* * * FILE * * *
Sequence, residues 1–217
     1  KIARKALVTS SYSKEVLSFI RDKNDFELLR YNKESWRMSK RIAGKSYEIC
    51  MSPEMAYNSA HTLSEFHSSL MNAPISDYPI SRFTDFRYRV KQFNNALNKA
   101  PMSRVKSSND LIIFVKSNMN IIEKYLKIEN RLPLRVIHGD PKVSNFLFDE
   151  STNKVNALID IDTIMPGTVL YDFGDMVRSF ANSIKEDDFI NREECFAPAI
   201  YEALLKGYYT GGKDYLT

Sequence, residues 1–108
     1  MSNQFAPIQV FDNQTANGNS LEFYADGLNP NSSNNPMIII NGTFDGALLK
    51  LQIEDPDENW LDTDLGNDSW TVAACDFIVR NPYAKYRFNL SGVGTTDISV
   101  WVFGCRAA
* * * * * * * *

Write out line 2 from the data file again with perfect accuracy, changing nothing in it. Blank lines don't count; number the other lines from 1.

     1  KIARKALVTS SYSKEVLSFI RDKNDFELLR YNKESWRMSK RIAGKSYEIC